Race Warriors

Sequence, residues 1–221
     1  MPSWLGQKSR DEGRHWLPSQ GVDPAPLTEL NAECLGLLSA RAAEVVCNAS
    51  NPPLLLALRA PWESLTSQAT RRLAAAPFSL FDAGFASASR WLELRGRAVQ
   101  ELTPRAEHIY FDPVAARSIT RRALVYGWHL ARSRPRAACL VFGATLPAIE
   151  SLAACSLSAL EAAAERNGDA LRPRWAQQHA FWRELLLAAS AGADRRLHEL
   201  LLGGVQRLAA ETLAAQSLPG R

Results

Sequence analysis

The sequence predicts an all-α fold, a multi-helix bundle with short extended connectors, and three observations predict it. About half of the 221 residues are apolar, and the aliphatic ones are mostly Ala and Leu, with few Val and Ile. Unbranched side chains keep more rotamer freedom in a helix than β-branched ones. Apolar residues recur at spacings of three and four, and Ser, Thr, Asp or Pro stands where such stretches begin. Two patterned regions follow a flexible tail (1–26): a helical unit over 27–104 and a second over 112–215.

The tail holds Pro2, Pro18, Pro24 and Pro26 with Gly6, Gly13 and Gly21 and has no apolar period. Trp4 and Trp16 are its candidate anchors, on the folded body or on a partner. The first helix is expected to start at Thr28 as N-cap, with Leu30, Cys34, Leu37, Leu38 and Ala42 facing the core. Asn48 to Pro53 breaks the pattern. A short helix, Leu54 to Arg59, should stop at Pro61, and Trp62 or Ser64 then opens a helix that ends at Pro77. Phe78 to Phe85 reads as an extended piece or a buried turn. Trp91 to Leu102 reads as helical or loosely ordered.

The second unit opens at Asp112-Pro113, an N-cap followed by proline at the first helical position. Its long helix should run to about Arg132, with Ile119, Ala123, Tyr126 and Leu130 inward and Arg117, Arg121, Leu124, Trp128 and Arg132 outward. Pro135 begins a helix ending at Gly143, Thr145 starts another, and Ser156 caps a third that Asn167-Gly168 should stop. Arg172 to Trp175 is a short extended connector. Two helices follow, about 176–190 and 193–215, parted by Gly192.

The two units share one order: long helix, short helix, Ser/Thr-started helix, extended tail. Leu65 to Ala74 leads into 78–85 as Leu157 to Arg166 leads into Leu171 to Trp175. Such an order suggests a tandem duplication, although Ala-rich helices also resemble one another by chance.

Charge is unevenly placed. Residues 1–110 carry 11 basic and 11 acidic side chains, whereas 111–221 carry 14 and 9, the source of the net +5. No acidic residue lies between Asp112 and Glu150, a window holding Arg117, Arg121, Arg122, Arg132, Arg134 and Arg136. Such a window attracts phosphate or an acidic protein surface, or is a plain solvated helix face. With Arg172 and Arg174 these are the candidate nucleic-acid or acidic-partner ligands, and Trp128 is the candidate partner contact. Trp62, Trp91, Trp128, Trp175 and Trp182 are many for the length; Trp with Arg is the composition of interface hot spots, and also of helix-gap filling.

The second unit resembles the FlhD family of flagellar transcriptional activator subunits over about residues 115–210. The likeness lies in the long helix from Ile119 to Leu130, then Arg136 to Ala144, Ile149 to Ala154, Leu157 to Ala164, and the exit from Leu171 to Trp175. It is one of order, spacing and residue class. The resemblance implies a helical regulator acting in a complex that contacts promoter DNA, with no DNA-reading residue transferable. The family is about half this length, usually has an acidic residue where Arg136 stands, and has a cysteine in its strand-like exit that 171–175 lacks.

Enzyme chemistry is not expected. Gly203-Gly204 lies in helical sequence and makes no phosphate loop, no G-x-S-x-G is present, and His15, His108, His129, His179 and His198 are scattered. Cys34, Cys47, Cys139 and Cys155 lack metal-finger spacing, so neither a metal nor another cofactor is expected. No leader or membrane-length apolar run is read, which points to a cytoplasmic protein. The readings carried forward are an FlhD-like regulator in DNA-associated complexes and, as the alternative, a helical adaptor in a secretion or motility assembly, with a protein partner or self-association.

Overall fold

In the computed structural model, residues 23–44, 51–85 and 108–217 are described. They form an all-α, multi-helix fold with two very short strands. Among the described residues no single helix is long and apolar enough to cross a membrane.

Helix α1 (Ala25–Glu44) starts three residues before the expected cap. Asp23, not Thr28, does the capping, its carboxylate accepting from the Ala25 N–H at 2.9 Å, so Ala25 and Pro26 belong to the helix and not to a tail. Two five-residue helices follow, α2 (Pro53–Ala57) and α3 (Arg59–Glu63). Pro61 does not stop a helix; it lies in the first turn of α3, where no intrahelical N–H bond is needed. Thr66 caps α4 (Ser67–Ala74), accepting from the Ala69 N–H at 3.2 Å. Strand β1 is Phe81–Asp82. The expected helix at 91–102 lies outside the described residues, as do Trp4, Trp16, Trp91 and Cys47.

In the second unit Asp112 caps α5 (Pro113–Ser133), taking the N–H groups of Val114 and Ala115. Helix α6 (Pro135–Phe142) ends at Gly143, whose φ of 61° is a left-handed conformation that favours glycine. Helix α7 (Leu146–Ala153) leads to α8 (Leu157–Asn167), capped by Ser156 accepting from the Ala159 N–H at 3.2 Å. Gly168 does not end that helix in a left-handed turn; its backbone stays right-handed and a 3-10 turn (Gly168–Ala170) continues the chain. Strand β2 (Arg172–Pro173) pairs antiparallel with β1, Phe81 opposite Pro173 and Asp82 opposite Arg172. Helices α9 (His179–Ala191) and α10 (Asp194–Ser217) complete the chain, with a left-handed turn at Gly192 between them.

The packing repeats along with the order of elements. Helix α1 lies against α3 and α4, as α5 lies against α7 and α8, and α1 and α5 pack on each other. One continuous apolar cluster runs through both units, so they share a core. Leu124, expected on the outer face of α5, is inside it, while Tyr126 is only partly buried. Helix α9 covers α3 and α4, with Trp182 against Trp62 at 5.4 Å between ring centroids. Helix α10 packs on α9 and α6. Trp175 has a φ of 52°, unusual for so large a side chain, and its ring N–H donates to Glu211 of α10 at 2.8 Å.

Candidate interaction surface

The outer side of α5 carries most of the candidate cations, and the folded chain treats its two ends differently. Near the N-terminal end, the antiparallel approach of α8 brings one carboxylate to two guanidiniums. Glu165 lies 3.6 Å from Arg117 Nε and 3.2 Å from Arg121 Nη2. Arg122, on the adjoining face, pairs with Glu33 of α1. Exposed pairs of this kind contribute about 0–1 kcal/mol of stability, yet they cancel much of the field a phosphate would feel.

By the time gang leader Peter Langan was captured following a shoot-out in Columbus, Ohio last winter, the Midwest Bank Bandits had stolen a quarter of a million dollars from 22 banks in seven states. Most of that money has never been recovered. That scares a lot of seasoned law enforcement agents, because they know this gang is not what it seems at first glance.Although the Bandits fancied comparisons with romantic images of populist outlaw Pretty Boy Floyd, and self- consciously styled their cell after the Irish Republican Army, these men were bent on amassing capital for a far darker cause. Among themselves, they had a different name than the one tagged on them by pursuers and observers.They were soldiers of the Aryan Republican Army, and according to court documents and exhibits, their goal was a shooting war to "reclaim" this country for right-thinking white Christians.ARA is not the first bunch of far-right revolutionaries to take up arms in their search for redress of their grievances against what they call ZOG, the Zionist Occupation Government. Groups like The Order; Posse Comitatus; and The Covenant, the Sword, and the Arm of the Lord (CSA) have put themselves forward over the last 15 years as martyrs to be emulated and followed into the bloody abyss.ARA was active for more than a year before the explosion that brought down the Murrah Office Building in Oklahoma City, and became even more daring after the arrest of Timothy McVeigh.Most media coverage portrayed the "Midwest Bank Bandits" exactly the way they wanted to be seen: as populists robbing banks to give to the poor. But the story which emerged during pre-trial investigations makes clear that bank robbery was just the means to an end: material support for the virulently racist Aryan Nation/Christian Identity political movements.With all four publicly identified members of the ARA either in custody or dead, and the trial of leader Peter Langan set to start next month in Columbus, the group seems ready to be relegated to the dust bin of history. But research suggests it may be too soon to breathe easy.The ARA might never have been more than a fantasy, had the Secret Service not decided to release Peter Langan from a Georgia jail in September 1993, in the mistaken belief that he had turned against his partner and longtime friend, Richard Guthrie.Langan and Guthrie had been indicted for the October 9, 1992 armed robbery of a Pizza Hut in Livonia, Georgia. Police had Guthrie's name almost from the beginning, but during their investigation a third name emerged: Pedro Gomez.The Georgia investigation also involved the Secret Service, because Guthrie was suspected of making threats on the life of then-President George Bush, who had been traveling through Georgia around the time of the Pizza Hut robbery.A month after the heist, federal agents got word that Gomez was in Cincinnati. Armed with a local police warrant, the Secret Service raided a Cincinnati home (which turned out to be Langan's) on a tip that Gomez was there. Langan answered the door, and when he acknowledged that he was Gomez, he was taken into custody.While searching the house where Langan lived with his girlfriend, Faith Ford, police found three illegal semi- automatic rifles, all belonging to Langan. They also seized a handgun, 10,000 rounds of ammunition, and a dummy hand grenade.Langan waived extradition and was shipped off to Georgia. He remained there in a county jail until a deal was cut with the Secret Service at the end of August 1993. Langan gave a statement implicating Guthrie in the Pizza Hut robbery and agreed to testify against his partner. In exchange Langan would have all charges against him dropped, and would be set free to find Guthrie for the Secret Service.Langan, who had been meeting with a constitutional law study group in Cincinnati, told police in Georgia, "I've never belonged to any so-called political organizations or racist organizations, but I do have a lot of contacts."Langan's bail, which had been as high as $150,000, was lowered to $8,000 and he was not required to put up any cash. After being released into the arms of the Secret Service on September 2, 1993 Langan had his first and only meeting with the Secret Service agents in Georgia, who gave him $50 for meal money, a ticket to Cincinnati, and the phone number of a local Treasury Department agent. Back home, Langan moved back in with Ford but stayed with her for little more than two months. He had found Guthrie, but instead of turning him over to the government, Langan fled with him. Langan left without a word to his lover Ford, his kids, or his sister.According to court records Langan, now going by the name of Don McClure, moved to a "safehouse" in Pittsburg, Kansas. One defendant later defined a safehouse as "a place where the landlord doesn't know your real name." Langan also went back at least part-time to using the name Pedro, but now it was Commander Pedro, of the Aryan Republican Army.Their occupation also changed. No longer satisfied with robbing Pizza Huts, Guthrie and Langan decided to go where there was real money: banks.Court records show that during the next year they picked up fellow traveler Scott Stedeford, who was from the Philadelphia area. According to the warrant for Stedeford's arrest, he was introduced to Guthrie by Mark Thomas.Mark Thomas calls himself a two-seed minister, meaning he is ordained in both the Aryan Nations Church and the Christian Identity Church. Aryan Nations/Christian Identity faiths believe that northern Europeans are really God's chosen people. Jews are not only not the chosen ones, they are in league with Satan. Christian Identity politics are the backbone of most of the white hate and neo-Nazi groups in the U.S.The most famous group connected to Christian Identity is The Order. The group, led by Bob Matthews, pulled off a string of bank robberies and armored car heists in the Northwestern U.S. during the 1980s. They were also responsible for the 1984 assassination of Jewish talk show host Alan Berg in Denver. Most of the money The Order stole was never recovered, and the loot was said to have been distributed to white supremacist groups. The Order was crushed in a shoot-out on an island in Washington state in 1984, where Matthews was killed in a firefight. Today, Mark Thomas operates the Christian Posse Comitatus out of his 12-acre compound in Berks County, Pennsylvania, near Allentown. The compound has been the site of Hitler Fests, and a magnet for a lot of troubled youths. Two young men, Bryan and David Freeman, found their way to the Thomas compound before 1995, according to their grandmother. The Freeman brothers subsequently killed their parents. No charges have been brought against Thomas for his involvement with the Freeman boys.Thomas is an admirer of both the Irish Republican Army- to which the name Aryan Republican Army is supposedly a tribute-and Pretty Boy Floyd. In a late 1993 newsletter, Thomas told his followers that Pretty Boy Floyd "was a Depression-era Bob Matthews who robbed banks who were robbing the farmers in the Midwest."Thomas's admiration for the IRA and Floyd may have escalated from words to actions. In the autumn of 1994, according to testimony given by Kevin McCarthy, he was recruited into the ARA.McCarthy at this time was living part-time at a Christian Identity compound in Elohim City, Oklahoma. If the name sounds familiar, it's because Elohim City has been mentioned in the Oklahoma City bombing case: Timothy McVeigh called the compound just days before the bombing. But all that was still months in the future when McCarthy sat down with Langan, Guthrie, Stedeford, and Thomas.To casual onlookers, that first meeting looked innocent: five white guys sitting around talking at the Waffle House in Van Buren, Arkansas, just across the Oklahoma state line. McCarthy knew Scott Stedeford and Mark Thomas, but had never met either Langan or Guthrie. Langan told McCarthy about their operation, and boasted to the 17- year-old that he had already participated in 12 bank robberies.After the Waffle House meeting, McCarthy next met the three revolutionaries in Joplin, Missouri. From then on, until his arrest in May, McCarthy was a member of the ARA, helping them rob six banks. He has now pled guilty to bank robbery, and is testifying against Langan.ARA's modus operandi was instructive: the group would buy a car for cash, then rob a bank in disguise, threatening to use an explosive device. They would often leave the bomb behind to help slow down the police. They would then abandon the car, again leaving behind an explosive device, and fade into the countryside, reassembling in Pittsburg. In the end they were even taunting the FBI by intentionally leaving behind little clues and renting cars in the names of their pursuers.In an effort have a larger impact, the group put together a recruiting videotape (see sidebar) that aims most of its venom at Jews. The hate-filled propaganda piece also takes on militia activists who are "all talk," calls for deportation of non-whites, and declares that "the revolution is upon us."Everything was going ARA's way until sometime in the latter half of 1995, when the group began to have internal disputes. Stedeford and McCarthy no longer wanted to work with Guthrie because he was making "mistakes." Guthrie was excluded from their last bank job, on December 9 in a suburb of Toledo. The Toledo robbery was McCarthy's sixth since joining the revolutionary group.Meanwhile the group decided to rent a second safehouse as part of a plan to begin robbing armored cars, just like The Order. Guthrie came to Columbus and, using the name Ray Marshall, rented the basement and first floor of a two- family house at 585 Rinehart, on the eastern edge of German Village, from Pearl and Harlan Bennett. "I wish all my tenants were like him," Pearl Bennett says. "He paid his rent early and he paid in cash."When it was time to pay the rent Guthrie would go to the Bennett's house and socialize with Harlan. Guthrie (as Marshall) told the Bennetts he "didn't trust banks." Harlan himself has a skepticism of newspapers, as he said on the stand: "Seventy-five percent of what you read in the newspapers is speculation." The men involved themselves in social conversations, according to Pearl Bennett.Because of his differences with the other ARA members, Guthrie began to commit bank robberies in the Cincinnati area by himself. At about the same time, federal agents who had been taunted by the group began to focus on Guthrie and Langan as targets of their investigation.On December 28, 1995 Secret Service and other federal agents descended on the Cincinnati home of Langan's sister, Leslie Maloney. Langan was not there, and Maloney had not seen him in more than two years. But the Secret Service knew that Langan had been involved in bank robberies.On January 2, an old friend of Guthrie and Langan, Shawn Kenney, identified the two in a photo lineup. The following Sunday, Kenney went to Maloney's house, where he had not visited in more than a year and half. Kenney's sudden appearance alerted Maloney, who told him he should contact the FBI because they had questioned her about Kenney's right-wing political connections. Kenney told Maloney that he had already been in contact with the agency.Finally, on January 15 the FBI staked out a Cincinnati restaurant. Guthrie was spotted at a phone booth near the restaurant, and a car chase ensued through local streets before Guthrie was cornered and captured.Almost from the first moment in police custody, Guthrie began to help federal agents find Langan. The revolution was falling apart.But Guthrie's help was begrudging. For two straight days Guthrie led FBI agents on a wild goose chase, leading them from Cincinnati to Indianapolis, back to Cincinnati, then to Indianapolis again, searching for Langan. Finally Guthrie admitted that Langan was not in Indianapolis, but he might be at the group's Columbus safehouse.On the night of January 17 agents from the Safe Streets Task Force, an inter-agency law enforcement team, staked out 585 Rinehart. They watched as a man went out to his van and back into the house, and were able to positively ID Langan.Guthrie told the agents that if they tried to take Langan in the house there would be "another Waco." The agents decided to wait until Langan got into his van behind the house.Just after 9:15 a.m. on Thursday, January 18, Langan got in his van. Immediately, agents from the FBI, U.S. Marshal's Office, and Franklin County Sheriff's Department descended on Langan. At first seeming to comply, Langan sat motionless, then suddenly scampered into the back of his truck.What happened next is in contention, except for one fact: Langan didn't fire any weapons, but the FBI peppered his van with more than 40 rounds. Miraculously, Langan escaped with fairly minor bullet wounds to his face and back. Langan's first words to the officers were that immortal revolutionary statement of principle, "I want to talk to a lawyer."At the hospital, nurses discovered that Langan had no pubic hair and that his toenails were painted pink.With Langan and Guthrie in jail, the other "revolutionaries," McCarthy and Stedeford, were apprehended in late May as Guthrie continued to talk.In a series of searches in Ohio, Pennsylvania, Missouri, and Kansas, agents found caches of weapons, ammunition, pipe-bombs, grenades, masks, false IDs, and various military equipment.In the end, Guthrie pled guilty to 19 charges of bank robbery and credit card fraud. Facing nearly 30 years, even with a plea bargain, Guthrie took his own life less than 10 days after the pleading. He left a suicide note for his family and his lawyer, the contents of which have not been released.The U.S. Marshal's office insists that Guthrie's death in the Kenton County jail in Covington, Kentucky was a suicide. Their chronology is that Guthrie's cell was checked at 5:22 a.m. On their next round at 6:06 a.m., officers found Guthrie hanging from an air vent by a sheet. The jail was in a lockdown, so no outsiders or other prisoners could have had contact with him.In the ARA recruiting videotape, the masked soldiers- one of whom was Guthrie himself-warn that traitors and informers will be killed.That morning as Leslie Maloney was driving to work, she was following an ambulance which turned onto the grounds of the Kenton County jail. She didn't know until later that day that her brother's main accuser was dead.But Guthrie's death didn't unravel the government's case. Another defendant, Kevin McCarthy, also has turned against his revolutionary brothers. McCarthy's testimony connects Langan to at least six of the robberies, and to the recruiting videotape. At the close of eight days of pre- trial hearings to suppress evidence in Langan's case, the government's case against the Aryan Republican Army looked solid.McCarthy says the group had only four members, so it would appear that the Aryan Republican Army has been crushed.Or has it? The involvement of Mark Thomas, the connection to Elohim City, the political views of the accused, and the pattern of their alleged crimes all suggest otherwise. Langan's denial that he had ever belonged to racist organizations and McCarthy's contention that there were only four in the group are both consistent with a strategic plan for racist holy war in the United States, called "leaderless resistance." That proposal has been gathering adherents for 34 years and has, many observers fear, fostered a movement capable of and intent upon a major domestic terrorism offensive.Aryan Nations and Ku Klux Klan leader Louis R. Beam Jr. popularized the strategy in a 1992 essay, tracing its origin to a former intelligence officer, Col. Ulius Louis Amoss, who was a prominent anti-communist in the 1950s. The idea then got a major boost from the Christian Identity leader Rev. Pete Peters, who touted the leaderless revolution strategy at a key October 1992 meeting of 160 "Patriots" and other white supremacists at Estes Park, Colorado. The strategy is at the core of Field Manual Section One: Principles Justifying the Arming and Organizing of A Militia, published in 1994 by Wisconsin's Free Militia and used now throughout the country.Writing just days after the Oklahoma City explosion, researcher Tom Burghardt called the bombing "almost a textbook case" of the "leaderless resistance" strategy in the service of a movement that "is racist and fascist to the core." He added, "...it was hardly the work of 'crazed' individuals. These were people who were trained, organized, and motivated to carry out a monstrous act of political revenge."Burghardt also pointed out why the strategy is so successful, and therefore so dangerous: "...these organizations contain within their essential structure the plausible deniability necessary to protect leadership cadres from prosecution."Louis Beam spelled out another advantage of the decentralized cells: "the ability to blend in the public's eye the more committed groups of resistance with the mainstream 'kosher' (sic) associations that are generally seen as harmless."And true to Beam's call for cells that "operate independently and never report to a central headquarters," there are other groups operating in a very similar fashion, including The Phineas Priesthood in Washington state. Like the ARA, they are fascinated with explosives. Since April, The Phineas Priesthood has twice robbed the same Spokane area bank, using the bombings of a newspaper and an abortion clinic as diversions to tie up police while they hit the bank. Which leads to a deeply disquieting thought: the Feds have confiscated a lot of weapons, and a lot of racist and anti-Semitic propaganda, in a lot of states during their investigations into these armies of hate.But where did all that money go? CGSIDEBAR: The Gang That Couldn't Think StraightAny doubt about the politics of the Aryan Republican Army is dispelled by the group's recruiting video. The nearly two-hour-long tape calls for the extermination of Jews, the establishment of racial purity on the North American continent through ethnic cleansing, the deportation of minority group members, and the assassination of race traitors.The tape, seized from the group's Columbus "safehouse," was introduced into evidence at Peter Langan's evidence suppression hearing.The first scene shows a "war room" with an Irish flag draped across the front of a desk while the Irish song "Patriot Game" plays in the background. As the primitive soundtrack proclaims "the love of one's country is a terrible thing," superimposed on the screen are the words "Aryan Republican Army Presents The Armed Struggle Underground," followed by "Today-USA, Tomorrow-The World."The first figure who speaks introduces himself as "Commander Pedro." Kevin McCarthy, a member of ARA who turned state's evidence, has identified the speaker as Peter Langan. In his speech, Langan invokes the Bible as the moral authority for his revolutionary actions and his anti-Semitic and racist views.Displaying a photo of government officials including President Bill Clinton, Attorney General Janet Reno, and FBI director Louis Freeh, Langan announces that the people pictured had already been tried and sentenced to either exile or death.A number of important readings are identified in the tape, including The Silent Brotherhood, a favorable look at the far-right terrorist group The Order; The Turner Diaries, a Neo-Nazi fantasy of armed struggle against the United States; The Vigilantes of Christendom, a blueprint for an Aryan Republic; and Mein Kampf, Adolf Hilter's classic treatise on fascism.The anti-Semitic language used in the tape goes far beyond calling Jews "hymies" or "kikes": paper money is called "Jewish toilet paper," and the federal government is said to be controlled by ZOG, the Zionist Occupation Government, and ultimately by "the Jew World Order." Langan also states that Jews are "members of the synagogue of Satan."Other segments extoll the virtues of particular pieces of military equipment like the HK-91/7.62 and the Ruger Mini-14 rifles, the Light Anti-tank Weapon System (LAWS), and 200-channel police scanners.In an attempt to break the tedium of the diatribe, ARA inserted fake commercials, in the style of Saturday Night Live, for fictitious products like Blammo Ammo and Second Chance bulletproof vests. Using a voice-over, the video shows clips from made-for-television movies to make rhetorical points about the FBI/ATF attack on the Branch Davidians at Waco in 1993.At least twice during the video Langan talks about the hardship of being a revolutionary, saying he misses Mrs. Commander Pedro, Pedro Jr., and his nieces and nephews.While praising the militia movement, the ARA also takes a number of swipes at it. Militia members are referred to as "chanters," brave enough to talk big and practice with guns but not brave enough to actually take up armed struggle.McCarthy testified that the tape was started after he joined the group in December 1994, and work on it continued for several months. About 45 minutes into the video there is a discussion about "recent" attacks on three abortion clinics. The reference is to John Salvi, whose December 1994 shooting rampage killed two people and wounded five more. Proudly, the hooded ARA soldiers claim that Salvi must have been listening to their previous voice tapes. -Michael Weber